But first, the news...
David Cay Johnston on flat wages, the minimum wage and labor unions: "Without real growth in wages, the economy cannot grow, because the capacity of people to buy goods and services will remain flat."
David Cay Johnston: How to Repeal the Tax Loophole That Allows Companies to Hide Their Profits in Offshore Accounts "If we want to address the inequality crisis, we must
prevent corporations from sitting on hoards of untaxed cash."
Thousands of public U.S. companies are likely to soon be forced to share a number many would rather keep under wraps: how much more their chief executives make than their typical rank-and-file employees. [About CEO pay ratios, a provision in the Dodd-Frank bill that Democrats fought for.)
Friends of Joe Biden Worry a Run for President Could Bruise His Legacy: While the concern about Mr. Biden appears widespread among his political allies, few seem eager to tell
him out of fear of hurting his feelings.”
New Hampshire poll numbers show why Hillary launched a $2 million ad buy this week: A WMUR Granite State Poll published last night shows Clinton leads Bernie Sanders by only
6 points (a statistical tie) 42-36, with 5 percent backing Joe Biden.
A national NBC/WSJ survey that shows Clinton’s unfavorable numbers rising among crucial constituencies, including white women, young people, independents and African
Jeb Bush received more than $9 million in income since January 2014 by delivering speeches, sitting on boards of directors, and helping to manage private investment firms. He
has received about $38 million in income since leaving the Florida governorship in 2007.
===== Donald Trump =====
Bloomberg: Donald Trump praises Paul A. Volcker, the former Federal Reserve chairman. For almost half a century, Volcker has been calling for a major overhaul of financial regulation. Asked if Trump's positive view of Volcker extended to the "Volcker Rule", he offered this reply: "Well I'm not sure if he likes it, but if he's happy, I'm happy." The 2010 financial reform legislation -- known as Dodd-Frank -- contained a provision known as the "Volcker Rule" aimed at banning risky trading by banks that they did solely for their own profit as opposed to on behalf of clients.
Donald Trump slammed the Export-Import Bank. Trump's position aligns with many conservative activists who have come to view the bank, which assists in financing U.S. exports abroad, as emblematic of corporate welfare. Democrats and more moderate Republicans want to renew the bank's charter, and the Senate recently passed an Ex-Im extension attached to a long-term highway bill.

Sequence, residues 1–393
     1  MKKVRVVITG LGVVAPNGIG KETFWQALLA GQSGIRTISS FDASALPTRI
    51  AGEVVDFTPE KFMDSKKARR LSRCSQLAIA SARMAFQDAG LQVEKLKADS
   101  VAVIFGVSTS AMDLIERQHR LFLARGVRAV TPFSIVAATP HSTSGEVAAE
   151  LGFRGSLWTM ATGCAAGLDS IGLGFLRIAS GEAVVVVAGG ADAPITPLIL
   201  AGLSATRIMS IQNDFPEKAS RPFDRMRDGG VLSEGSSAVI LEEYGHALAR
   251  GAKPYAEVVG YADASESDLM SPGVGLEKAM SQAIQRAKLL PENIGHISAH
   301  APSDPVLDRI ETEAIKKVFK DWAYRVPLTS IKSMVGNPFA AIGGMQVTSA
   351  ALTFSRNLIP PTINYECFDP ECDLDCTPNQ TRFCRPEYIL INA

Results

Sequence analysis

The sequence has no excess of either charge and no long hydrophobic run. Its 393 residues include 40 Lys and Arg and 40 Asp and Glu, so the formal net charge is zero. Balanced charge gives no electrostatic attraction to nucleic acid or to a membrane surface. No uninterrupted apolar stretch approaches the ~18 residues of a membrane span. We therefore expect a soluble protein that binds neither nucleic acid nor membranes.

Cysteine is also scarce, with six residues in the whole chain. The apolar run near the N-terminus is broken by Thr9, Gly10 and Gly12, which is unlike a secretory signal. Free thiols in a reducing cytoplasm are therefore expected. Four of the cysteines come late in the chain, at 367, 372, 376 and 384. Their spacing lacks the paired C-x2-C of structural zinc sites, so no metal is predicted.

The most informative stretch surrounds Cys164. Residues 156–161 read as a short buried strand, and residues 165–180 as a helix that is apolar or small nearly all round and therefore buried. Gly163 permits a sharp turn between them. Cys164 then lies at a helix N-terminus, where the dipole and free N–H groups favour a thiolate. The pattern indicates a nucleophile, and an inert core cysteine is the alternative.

Trump also criticized Citizens United, the controversial 2010 Supreme Court decision that paved the way for unlimited independent spending to influence elections. He said super-PACs, which are legally prohibited from coordinating with campaigns they support, are a "total phony deal," noting that Jeb Bush's super-PAC is run by "somebody that's very close to him." He said the law "forces people into being somewhat dishonest."
"I guess from my standpoint personally I'd almost rather not see it," he said of candidates seeking to raise large amounts of money from the Koch brothers. "I see all of the money that's being raised by these folks, and they're raising hundreds of millions of dollars, and ultimately billions of dollars."
Trump has made the self-funded nature of his campaign a signature issue, insisting that unlike his rivals he cannot be bribed as he won't be in thrall to donors.
===== The Clintons =====
A 27 second video of Hillary Clinton as she waffles on the Keystone Pipeline
(Hear the Clinton-speak)
Hillary's daughter, Chelsea Clinton, is serving as vice chair of her family’s foundation. At a Council on Foreign Relations event on women’s rights in New York City, Chelsea Clinton fielded questions about recent controversies over foreign donations to the foundation. (Video: Hear the Clinton-speak passed down through the generations.)
Washington Post: For Clintons, speech income shows how their wealth is intertwined with charity: In an analysis of public records and Clinton Foundation data, The Washington Post found that there was an overlap of Bill and Hillary Clinton's charitable work and their growing personal wealth. Bill Clinton was paid more than $100 million for speeches between 2001 and 2013, according to federal financial disclosure forms filed by Hillary Clinton during her years as a senator and as secretary of state. Four major financial firms — Goldman Sachs, Barclays Capital, Deutsche Bank and Citigroup — collectively have given between $2.75 million and $11.5 million to the Bill, Hillary and Chelsea Clinton Foundation.